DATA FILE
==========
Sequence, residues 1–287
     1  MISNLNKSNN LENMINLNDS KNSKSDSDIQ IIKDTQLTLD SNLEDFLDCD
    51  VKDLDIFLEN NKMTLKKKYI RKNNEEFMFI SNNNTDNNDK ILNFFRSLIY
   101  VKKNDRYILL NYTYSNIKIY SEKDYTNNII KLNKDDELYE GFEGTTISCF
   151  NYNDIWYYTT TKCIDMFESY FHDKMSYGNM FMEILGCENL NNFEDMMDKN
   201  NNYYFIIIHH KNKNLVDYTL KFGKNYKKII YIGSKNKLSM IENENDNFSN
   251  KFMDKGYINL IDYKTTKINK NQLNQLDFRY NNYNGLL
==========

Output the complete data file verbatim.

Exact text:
Sequence, residues 1–287
     1  MISNLNKSNN LENMINLNDS KNSKSDSDIQ IIKDTQLTLD SNLEDFLDCD
    51  VKDLDIFLEN NKMTLKKKYI RKNNEEFMFI SNNNTDNNDK ILNFFRSLIY
   101  VKKNDRYILL NYTYSNIKIY SEKDYTNNII KLNKDDELYE GFEGTTISCF
   151  NYNDIWYYTT TKCIDMFESY FHDKMSYGNM FMEILGCENL NNFEDMMDKN
   201  NNYYFIIIHH KNKNLVDYTL KFGKNYKKII YIGSKNKLSM IENENDNFSN
   251  KFMDKGYINL IDYKTTKINK NQLNQLDFRY NNYNGLL